NEW YORK (Reuters) - U.S. film and TV studio The Weinstein Company, whose ex-Chairman Harvey Weinstein has been accused of sexual harassment and assault, said on Monday it filed for bankruptcy and was ending all non-disclosure agreements that may have silenced some women.
The Weinstein Company filed for bankruptcy in the Delaware court, listing $500 million to $1 billion in liabilities and $500 million to $1 billion in assets, and said it struck a deal with an affiliate of private equity firm Lantern Capital Partners to acquire its assets.
The bankruptcy comes after the studio spent months looking for a buyer or investor. The company inked a deal with an investor group led by former Obama administration official Maria Contreras-Sweet, but the group terminated its offer earlier this month after seeing that the company had more liabilities than previously disclosed.
The Weinstein Company said in a statement it entered into a “stalking horse” agreement with a Lantern Capital affiliate, that would purchase substantially all of the assets of the company.
The offer from Lantern will set the floor for higher and better bidders in a court-supervised auction.
Lions Gate Entertainment Corp had made an earlier offer for some of the company’s assets, as had Qatar-owned film company Miramax, which was founded by Harvey Weinstein and his brother Bob Weinstein. Both could be among potential bidders in the auction.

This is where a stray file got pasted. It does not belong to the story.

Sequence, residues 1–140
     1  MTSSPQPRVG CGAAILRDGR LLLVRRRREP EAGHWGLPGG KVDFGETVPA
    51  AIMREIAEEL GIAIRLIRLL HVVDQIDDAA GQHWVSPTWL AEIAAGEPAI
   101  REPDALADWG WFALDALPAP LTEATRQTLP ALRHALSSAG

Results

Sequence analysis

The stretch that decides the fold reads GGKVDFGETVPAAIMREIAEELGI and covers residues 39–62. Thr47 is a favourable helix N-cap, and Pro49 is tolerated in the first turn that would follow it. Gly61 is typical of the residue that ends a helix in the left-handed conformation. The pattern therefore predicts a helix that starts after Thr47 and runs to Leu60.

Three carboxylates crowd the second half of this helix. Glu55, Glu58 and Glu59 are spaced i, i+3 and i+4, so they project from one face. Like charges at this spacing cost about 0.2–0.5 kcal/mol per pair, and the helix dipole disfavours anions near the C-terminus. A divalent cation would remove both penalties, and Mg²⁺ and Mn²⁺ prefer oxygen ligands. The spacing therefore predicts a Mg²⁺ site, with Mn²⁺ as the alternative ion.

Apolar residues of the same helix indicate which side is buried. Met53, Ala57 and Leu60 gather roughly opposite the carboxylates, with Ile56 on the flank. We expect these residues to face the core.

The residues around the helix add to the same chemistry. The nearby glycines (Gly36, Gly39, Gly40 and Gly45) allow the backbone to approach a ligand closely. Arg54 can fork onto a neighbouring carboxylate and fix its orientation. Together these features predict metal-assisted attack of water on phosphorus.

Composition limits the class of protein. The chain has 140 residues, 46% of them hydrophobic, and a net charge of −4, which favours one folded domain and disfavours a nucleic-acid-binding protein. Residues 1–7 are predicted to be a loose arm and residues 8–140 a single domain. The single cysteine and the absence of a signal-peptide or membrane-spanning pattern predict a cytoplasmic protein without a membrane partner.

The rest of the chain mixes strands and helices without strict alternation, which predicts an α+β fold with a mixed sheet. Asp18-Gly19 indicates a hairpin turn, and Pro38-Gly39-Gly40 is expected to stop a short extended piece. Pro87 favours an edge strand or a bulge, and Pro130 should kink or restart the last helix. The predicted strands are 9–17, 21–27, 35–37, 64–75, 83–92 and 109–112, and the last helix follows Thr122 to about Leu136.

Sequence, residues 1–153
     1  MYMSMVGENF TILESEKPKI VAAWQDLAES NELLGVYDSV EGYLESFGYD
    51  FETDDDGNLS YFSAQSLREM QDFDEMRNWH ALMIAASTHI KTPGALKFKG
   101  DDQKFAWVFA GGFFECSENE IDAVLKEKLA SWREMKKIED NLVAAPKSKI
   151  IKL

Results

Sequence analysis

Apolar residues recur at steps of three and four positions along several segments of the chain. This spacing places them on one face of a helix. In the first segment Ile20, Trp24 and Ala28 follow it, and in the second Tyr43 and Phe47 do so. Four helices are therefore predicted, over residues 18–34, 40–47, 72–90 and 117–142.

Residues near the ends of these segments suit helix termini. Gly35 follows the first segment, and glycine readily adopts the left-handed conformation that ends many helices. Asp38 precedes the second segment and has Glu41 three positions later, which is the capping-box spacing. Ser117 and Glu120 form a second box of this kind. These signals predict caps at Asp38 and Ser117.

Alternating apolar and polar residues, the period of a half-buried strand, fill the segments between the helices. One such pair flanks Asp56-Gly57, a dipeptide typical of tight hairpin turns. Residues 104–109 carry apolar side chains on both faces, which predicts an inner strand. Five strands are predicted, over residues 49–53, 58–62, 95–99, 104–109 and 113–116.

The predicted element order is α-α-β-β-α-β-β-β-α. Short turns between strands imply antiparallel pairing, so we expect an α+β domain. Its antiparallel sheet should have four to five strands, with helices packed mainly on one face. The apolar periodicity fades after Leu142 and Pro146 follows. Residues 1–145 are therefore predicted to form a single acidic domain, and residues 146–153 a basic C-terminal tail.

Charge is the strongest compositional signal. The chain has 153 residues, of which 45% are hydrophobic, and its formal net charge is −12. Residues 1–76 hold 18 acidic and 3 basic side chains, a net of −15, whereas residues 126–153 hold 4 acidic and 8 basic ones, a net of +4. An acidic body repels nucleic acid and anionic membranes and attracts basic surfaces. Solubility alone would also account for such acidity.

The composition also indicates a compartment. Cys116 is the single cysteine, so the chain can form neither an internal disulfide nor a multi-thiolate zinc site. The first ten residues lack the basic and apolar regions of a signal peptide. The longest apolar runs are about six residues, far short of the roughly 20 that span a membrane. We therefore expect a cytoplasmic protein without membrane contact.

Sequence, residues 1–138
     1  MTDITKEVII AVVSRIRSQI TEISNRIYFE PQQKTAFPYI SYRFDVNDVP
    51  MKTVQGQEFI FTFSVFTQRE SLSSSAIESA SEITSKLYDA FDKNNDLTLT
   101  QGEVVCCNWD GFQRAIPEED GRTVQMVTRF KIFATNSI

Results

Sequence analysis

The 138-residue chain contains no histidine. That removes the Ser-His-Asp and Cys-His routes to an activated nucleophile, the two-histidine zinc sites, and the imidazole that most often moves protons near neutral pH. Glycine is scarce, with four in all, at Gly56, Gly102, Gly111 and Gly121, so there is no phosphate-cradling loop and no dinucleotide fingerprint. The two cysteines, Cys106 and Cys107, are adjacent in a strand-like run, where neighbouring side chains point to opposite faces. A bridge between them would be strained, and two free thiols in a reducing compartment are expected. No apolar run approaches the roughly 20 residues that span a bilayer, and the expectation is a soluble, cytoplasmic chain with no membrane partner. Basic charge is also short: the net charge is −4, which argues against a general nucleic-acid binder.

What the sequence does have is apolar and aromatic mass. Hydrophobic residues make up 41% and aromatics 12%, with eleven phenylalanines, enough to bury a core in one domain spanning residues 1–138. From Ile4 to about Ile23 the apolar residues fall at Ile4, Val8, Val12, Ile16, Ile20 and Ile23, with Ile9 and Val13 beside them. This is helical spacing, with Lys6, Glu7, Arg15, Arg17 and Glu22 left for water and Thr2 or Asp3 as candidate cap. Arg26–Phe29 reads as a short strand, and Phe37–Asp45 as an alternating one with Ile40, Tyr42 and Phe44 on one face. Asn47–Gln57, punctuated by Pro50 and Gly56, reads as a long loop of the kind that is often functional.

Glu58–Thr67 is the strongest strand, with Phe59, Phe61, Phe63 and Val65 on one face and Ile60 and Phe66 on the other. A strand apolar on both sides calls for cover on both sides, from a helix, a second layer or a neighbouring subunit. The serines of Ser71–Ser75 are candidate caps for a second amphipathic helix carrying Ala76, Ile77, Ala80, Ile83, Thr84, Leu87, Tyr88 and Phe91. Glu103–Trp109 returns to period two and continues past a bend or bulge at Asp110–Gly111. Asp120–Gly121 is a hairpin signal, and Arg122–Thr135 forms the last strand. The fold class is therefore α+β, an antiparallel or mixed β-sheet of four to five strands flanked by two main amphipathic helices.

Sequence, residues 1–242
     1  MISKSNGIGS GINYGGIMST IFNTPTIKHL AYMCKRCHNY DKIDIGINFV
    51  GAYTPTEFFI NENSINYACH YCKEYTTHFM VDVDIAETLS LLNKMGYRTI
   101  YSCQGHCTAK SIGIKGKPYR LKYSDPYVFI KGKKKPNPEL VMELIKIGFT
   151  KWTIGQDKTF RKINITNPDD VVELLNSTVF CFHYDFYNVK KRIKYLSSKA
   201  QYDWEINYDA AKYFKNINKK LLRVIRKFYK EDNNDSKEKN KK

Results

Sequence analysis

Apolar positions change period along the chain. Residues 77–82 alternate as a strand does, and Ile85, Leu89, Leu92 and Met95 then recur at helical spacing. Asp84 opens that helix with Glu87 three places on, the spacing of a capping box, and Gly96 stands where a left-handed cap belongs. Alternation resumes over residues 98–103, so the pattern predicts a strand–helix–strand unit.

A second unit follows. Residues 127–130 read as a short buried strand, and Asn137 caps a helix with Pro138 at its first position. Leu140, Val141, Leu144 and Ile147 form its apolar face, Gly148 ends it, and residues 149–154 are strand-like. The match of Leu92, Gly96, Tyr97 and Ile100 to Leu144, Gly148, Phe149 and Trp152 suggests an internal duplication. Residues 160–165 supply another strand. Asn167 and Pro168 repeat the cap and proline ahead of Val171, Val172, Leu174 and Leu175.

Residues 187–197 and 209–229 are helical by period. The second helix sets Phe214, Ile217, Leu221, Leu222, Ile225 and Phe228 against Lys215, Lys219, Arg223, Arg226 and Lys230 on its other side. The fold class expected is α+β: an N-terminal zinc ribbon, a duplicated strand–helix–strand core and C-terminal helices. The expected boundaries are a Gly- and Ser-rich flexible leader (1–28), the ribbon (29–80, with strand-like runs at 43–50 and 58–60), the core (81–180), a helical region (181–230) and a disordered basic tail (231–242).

More than 70 women accused the company’s co-founder, Harvey Weinstein, who was one of Hollywood’s most influential men, of sexual misconduct, including rape. Weinstein has denied having non-consensual sex with anyone.
“Since October, it has been reported that Harvey Weinstein used non-disclosure agreements as a secret weapon to silence his accusers. Effective immediately, those ‘agreements’ end,” the company said in an emailed statement.
Movie producer Killer Content also said bankruptcy would be the best option for the company, and that it may be interested in the studio’s assets in a bankruptcy auction.
In February, New York Attorney General Eric Schneiderman sued The Weinstein Company, Harvey Weinstein and his brother Bob Weinstein, alleging that Harvey Weinstein sexually harassed employees and the company failed to respond. Bob Weinstein co-founded the company and is the co-chairman.
“This is a watershed moment for efforts to address the corrosive effects of sexual misconduct in the workplace,” Schneiderman said in a statement after the company’s announcement on Monday.
Launched in October 2005, the studio produced and distributed critically acclaimed hits including “The King’s Speech” and “Silver Linings Playbook,” as well as TV series such as long-running fashion reality competition “Project Runway.”
(Reporting by Jessica DiNapoli in New York and Ismail Shakil in Bengaluru; Editing by Lisa Shumaker and Gopakumar Warrier)
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